Evidently this was intended for him, and he was about to open it to see what message it might contain when the sound of hurrying steps from the direction of the path diverted him from his purpose. Whatever the contents of the paper might be, they were for him alone. Prompted by an instinct for secrecy which was part of his psychological cosmos, he thrust the missive into the breast-pocket of his coat and turned—with a little tremor from his nerves—to see who was coming.

It was a woman who burst from the shelter of the trees—a woman in some haste and quite obviously in some alarm. She was panting from her exertions, for she ceased running only when she reached the open, as Varr had done before her. A close-fitting felt hat was slightly askew on her head, and a once jaunty red feather that thrust up from it was now hanging limp and dejected, broken perhaps by some low-hanging branch she had failed to duck. She was dressed in a two-piece outing costume of knitted wool, and she looked just now as if those garments were too warm for comfort.

Her face brightened as she observed Varr seated on the rock, and she came toward him promptly. He brightened, too, welcoming any human being of tangible flesh and blood at that moment, although there was no living person whom he habitually detested more than he did his wife's sister, Miss October Copley. Her evident perturbation, however, gave him an uneasy premonition that he was about to hear more of his monk. But he left it to her to introduce the subject.

"Well, Ocky—reducing?"

"Not much!" answered the lady briefly. "Scared!"

She did not seat herself beside him on the bowlder, but chose instead to drop at full length on a patch of green turf at his feet. With such breath as remained to her she expelled a sigh of relief.

"Scared, eh? I didn't suppose there was anything on earth that could scare you!"

She pounced instantly on his phraseology. "Perhaps not—on earth!" In a smaller voice than she was wont to employ, she added timidly, "Simon, d-do you believe in ghosts?"

"Ghosts!" He fortified himself by a glance at the cabbages. "Talk sense, Ocky!"

"Who says it isn't sense?" snapped Miss Copley. "Anyway, I just got the shock of my long and exciting life. See here, Simon—didn't you come up that path a few minutes ago?"

"I did. What of it?"

"I was sure it was you ahead of me as we crossed the meadow. Tell me, did you meet anything—I mean, any one?"

"What do you mean? Did you?"

"Y-yes. A figure in black—dressed something like a monk. I didn't meet him, exactly—he dodged into the woods as I came along. That is, I suppose he did—he just seemed to vanish!"

"Oh—he seemed to vanish, did he?" Varr shifted nervously on his granite throne. "You say he was dressed like a monk? Did—did you see his face?"

"No, I couldn't see that—"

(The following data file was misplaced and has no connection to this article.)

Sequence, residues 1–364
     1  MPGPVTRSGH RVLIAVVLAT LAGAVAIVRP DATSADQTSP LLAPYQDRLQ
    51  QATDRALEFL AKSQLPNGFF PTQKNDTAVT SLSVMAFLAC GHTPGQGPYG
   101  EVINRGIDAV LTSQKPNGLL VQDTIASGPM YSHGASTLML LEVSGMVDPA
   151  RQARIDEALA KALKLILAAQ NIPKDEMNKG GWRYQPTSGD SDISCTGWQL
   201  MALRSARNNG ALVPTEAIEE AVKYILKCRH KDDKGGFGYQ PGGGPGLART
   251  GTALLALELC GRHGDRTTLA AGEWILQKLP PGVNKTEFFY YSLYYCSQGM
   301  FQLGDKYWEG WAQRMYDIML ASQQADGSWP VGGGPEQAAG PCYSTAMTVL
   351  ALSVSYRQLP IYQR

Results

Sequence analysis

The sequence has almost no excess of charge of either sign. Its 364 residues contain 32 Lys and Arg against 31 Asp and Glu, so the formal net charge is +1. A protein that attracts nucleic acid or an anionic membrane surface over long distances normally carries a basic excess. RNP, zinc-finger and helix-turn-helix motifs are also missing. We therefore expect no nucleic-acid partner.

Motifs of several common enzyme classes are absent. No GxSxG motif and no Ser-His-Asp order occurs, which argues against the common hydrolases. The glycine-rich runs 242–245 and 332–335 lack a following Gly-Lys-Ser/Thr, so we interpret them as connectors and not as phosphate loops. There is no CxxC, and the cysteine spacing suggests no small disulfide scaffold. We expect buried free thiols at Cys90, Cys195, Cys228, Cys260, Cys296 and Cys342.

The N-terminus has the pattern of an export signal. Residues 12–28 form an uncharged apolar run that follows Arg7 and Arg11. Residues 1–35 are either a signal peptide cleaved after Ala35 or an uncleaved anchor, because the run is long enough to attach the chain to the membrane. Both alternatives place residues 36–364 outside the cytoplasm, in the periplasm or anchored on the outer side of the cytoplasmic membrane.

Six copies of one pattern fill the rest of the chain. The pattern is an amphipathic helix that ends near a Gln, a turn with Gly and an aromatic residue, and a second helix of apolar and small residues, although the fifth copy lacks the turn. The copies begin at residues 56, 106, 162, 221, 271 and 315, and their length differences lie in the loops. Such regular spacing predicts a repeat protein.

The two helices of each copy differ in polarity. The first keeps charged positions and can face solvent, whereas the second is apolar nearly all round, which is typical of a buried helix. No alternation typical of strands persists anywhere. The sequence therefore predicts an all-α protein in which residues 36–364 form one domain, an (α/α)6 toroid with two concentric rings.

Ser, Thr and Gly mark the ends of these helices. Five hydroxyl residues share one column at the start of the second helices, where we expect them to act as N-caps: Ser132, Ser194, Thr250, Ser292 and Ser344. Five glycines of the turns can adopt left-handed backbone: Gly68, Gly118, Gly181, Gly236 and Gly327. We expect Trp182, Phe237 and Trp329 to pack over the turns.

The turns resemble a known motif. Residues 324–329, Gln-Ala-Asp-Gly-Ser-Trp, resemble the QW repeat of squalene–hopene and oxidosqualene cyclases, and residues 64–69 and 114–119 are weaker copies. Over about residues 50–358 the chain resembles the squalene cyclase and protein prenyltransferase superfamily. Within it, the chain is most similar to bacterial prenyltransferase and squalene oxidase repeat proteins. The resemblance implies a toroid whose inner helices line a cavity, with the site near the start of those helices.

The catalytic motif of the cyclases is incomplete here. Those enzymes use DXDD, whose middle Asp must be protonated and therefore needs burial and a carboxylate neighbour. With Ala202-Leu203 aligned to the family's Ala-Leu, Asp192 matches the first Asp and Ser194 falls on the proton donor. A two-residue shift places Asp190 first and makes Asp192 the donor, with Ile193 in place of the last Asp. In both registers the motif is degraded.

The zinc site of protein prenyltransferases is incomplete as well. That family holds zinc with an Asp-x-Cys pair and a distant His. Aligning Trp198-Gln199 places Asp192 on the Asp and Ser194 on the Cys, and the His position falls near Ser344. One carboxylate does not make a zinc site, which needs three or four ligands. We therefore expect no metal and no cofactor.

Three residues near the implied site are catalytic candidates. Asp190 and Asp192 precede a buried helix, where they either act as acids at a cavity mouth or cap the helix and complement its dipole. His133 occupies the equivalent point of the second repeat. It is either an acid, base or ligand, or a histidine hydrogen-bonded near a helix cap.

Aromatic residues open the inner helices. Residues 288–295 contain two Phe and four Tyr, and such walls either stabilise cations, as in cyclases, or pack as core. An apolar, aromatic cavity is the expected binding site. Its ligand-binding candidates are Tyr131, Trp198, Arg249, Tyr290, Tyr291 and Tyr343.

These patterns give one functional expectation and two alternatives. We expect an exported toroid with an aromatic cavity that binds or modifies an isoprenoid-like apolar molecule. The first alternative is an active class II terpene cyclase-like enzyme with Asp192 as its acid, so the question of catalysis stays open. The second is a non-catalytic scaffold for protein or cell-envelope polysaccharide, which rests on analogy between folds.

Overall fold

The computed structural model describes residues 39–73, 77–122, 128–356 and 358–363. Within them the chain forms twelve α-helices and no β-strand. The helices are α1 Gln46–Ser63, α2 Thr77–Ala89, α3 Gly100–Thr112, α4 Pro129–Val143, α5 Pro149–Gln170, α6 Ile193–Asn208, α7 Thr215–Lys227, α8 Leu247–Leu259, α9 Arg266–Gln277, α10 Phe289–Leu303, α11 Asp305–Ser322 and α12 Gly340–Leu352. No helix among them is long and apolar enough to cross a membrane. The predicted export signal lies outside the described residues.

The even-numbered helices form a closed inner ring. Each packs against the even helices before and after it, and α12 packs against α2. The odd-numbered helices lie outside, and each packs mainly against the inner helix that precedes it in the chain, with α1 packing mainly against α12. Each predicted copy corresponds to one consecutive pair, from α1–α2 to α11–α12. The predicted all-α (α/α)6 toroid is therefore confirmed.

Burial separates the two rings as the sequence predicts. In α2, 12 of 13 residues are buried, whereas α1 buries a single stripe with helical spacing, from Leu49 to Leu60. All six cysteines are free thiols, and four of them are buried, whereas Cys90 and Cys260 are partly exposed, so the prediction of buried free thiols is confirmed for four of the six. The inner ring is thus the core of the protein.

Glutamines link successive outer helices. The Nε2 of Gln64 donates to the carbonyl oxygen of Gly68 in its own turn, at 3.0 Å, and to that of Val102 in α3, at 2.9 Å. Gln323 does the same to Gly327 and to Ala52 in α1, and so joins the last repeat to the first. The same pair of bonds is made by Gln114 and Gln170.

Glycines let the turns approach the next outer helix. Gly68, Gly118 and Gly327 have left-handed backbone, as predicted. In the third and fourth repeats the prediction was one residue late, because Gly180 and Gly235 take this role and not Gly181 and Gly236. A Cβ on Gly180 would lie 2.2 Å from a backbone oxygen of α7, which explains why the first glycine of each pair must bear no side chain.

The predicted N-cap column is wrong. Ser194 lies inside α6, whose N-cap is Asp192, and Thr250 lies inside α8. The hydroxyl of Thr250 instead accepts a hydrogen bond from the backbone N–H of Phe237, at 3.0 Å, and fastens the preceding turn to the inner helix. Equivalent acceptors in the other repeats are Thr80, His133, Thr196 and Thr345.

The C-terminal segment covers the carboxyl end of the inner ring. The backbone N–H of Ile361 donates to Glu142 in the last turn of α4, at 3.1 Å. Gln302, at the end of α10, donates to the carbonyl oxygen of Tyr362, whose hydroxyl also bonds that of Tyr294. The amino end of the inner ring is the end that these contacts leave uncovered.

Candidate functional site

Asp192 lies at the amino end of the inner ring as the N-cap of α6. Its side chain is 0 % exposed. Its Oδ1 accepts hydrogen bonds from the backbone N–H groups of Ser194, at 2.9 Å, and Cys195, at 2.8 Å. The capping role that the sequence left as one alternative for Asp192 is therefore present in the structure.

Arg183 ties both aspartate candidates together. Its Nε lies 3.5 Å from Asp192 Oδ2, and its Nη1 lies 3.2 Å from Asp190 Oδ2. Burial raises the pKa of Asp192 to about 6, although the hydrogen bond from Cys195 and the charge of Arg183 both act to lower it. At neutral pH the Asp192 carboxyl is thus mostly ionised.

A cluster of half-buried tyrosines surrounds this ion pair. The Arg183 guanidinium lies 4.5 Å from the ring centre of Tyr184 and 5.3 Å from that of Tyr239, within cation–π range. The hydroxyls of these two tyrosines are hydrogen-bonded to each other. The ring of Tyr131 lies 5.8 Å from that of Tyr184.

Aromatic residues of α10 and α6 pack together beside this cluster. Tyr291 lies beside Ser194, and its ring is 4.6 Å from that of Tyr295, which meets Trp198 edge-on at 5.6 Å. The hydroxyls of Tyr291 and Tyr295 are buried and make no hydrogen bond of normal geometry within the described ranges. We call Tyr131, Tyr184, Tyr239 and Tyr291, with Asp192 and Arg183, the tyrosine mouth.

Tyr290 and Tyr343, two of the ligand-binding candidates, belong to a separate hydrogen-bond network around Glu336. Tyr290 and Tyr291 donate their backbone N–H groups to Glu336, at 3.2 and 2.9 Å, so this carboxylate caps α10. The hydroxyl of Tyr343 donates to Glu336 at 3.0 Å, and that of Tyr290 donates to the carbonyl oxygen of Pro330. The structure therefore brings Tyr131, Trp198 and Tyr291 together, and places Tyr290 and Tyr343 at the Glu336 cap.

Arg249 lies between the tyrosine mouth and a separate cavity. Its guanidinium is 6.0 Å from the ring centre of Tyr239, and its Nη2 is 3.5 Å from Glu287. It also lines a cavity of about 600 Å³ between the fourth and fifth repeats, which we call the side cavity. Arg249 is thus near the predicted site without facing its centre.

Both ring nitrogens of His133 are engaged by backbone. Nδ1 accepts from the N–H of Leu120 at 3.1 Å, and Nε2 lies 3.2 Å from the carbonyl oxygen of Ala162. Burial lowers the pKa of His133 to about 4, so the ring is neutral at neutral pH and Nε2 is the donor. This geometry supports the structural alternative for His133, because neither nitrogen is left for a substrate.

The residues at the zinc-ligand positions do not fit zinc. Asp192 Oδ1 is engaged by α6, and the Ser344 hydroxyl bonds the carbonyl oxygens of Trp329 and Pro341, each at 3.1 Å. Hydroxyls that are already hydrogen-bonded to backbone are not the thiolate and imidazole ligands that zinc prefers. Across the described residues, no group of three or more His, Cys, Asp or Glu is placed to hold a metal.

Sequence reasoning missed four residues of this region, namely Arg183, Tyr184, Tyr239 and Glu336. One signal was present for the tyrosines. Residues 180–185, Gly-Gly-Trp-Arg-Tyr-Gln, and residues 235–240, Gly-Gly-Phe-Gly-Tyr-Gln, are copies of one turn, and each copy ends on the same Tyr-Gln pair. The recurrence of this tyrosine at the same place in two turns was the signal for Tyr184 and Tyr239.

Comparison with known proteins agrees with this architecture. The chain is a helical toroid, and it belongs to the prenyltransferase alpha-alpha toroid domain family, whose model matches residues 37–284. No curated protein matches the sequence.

"Ah! You couldn't, eh?" He rubbed the palms of his hands on his handkerchief as he probed a little deeper. "Too far away, I suppose."

"No. He had on a mask."

"A mask!" Comprehension came to him at once, and he inwardly cursed himself for an imaginative fool before continuing. "Well, Ocky, to tell you the truth, I did see him—right here at the head of the trail. He had his back to the light so I couldn't make out any mask. Er—what made you think of ghosts?"

"Because I had such a creepy feeling when I saw him. Didn't you?"

"Humph. For a moment, perhaps."

"Did you pass each other after you met?"

"Why—why— Confound it—no! He just disappeared!"

"Gosh!" said Miss Copley fervently. "Simon, it was a spook! I know it was! Have you ever seen or heard of a monk around here before?"

"N-no. But that doesn't mean anything. There's no law that says they can't travel if they want to."

"But what would a monk be doing on a private path through this property? Why should he disappear from people? Why should he wear a mask? Monks don't wear masks." She reflected a moment. "Come to think of it, he wasn't dressed exactly like a monk—Simon! did you ever see a picture of those creatures of the Spanish Inquisition? 'Familiars' I think they used to call them. They dressed that way and wore masks!"

"Humph." Despite that skeptic snort, Varr was conscious of a nervous chill. "You've been drinking too much coffee, Ocky! Indigestion!"

"Oh!" cried Miss Copley suddenly. She raised herself on an elbow and looked all about her on the ground. "Oh—pshaw!"

"Eh? What is it?"

"Coffee! Your mentioning it just reminded me! I was coming back from a walk and I stopped at Wimpelheimer's to get a pound of it—I knew it was needed at the house. Now it's gone! I must have dropped it when that creature frightened me." She looked woebegone. "It's not very far back, but I'm so tired!"

"Are you?" repeated Varr restlessly.

"You'll get it for me, won't you, Simon?" She regarded him appealingly. "Oh—please!"

He got up from the rock and glanced at her with marked distaste. His gaze traveled to the dark entrance of the trail, came back to rest briefly on the consoling cabbages, went again to the trail. He took an irresolute, halting step—and then was struck by an inspiration that cleared his brow as if by magic.

"What do I keep a houseful of idle servants for?" he demanded crisply. "Let Bates hunt it up—he'd better take a torch."

"Simon—you're scared!"

"Don't be ridiculous. Anyway, it's going to storm. I felt a drop of rain a moment ago. Come along to the house and stop your nonsense about monks and familiars and—and ghosts!"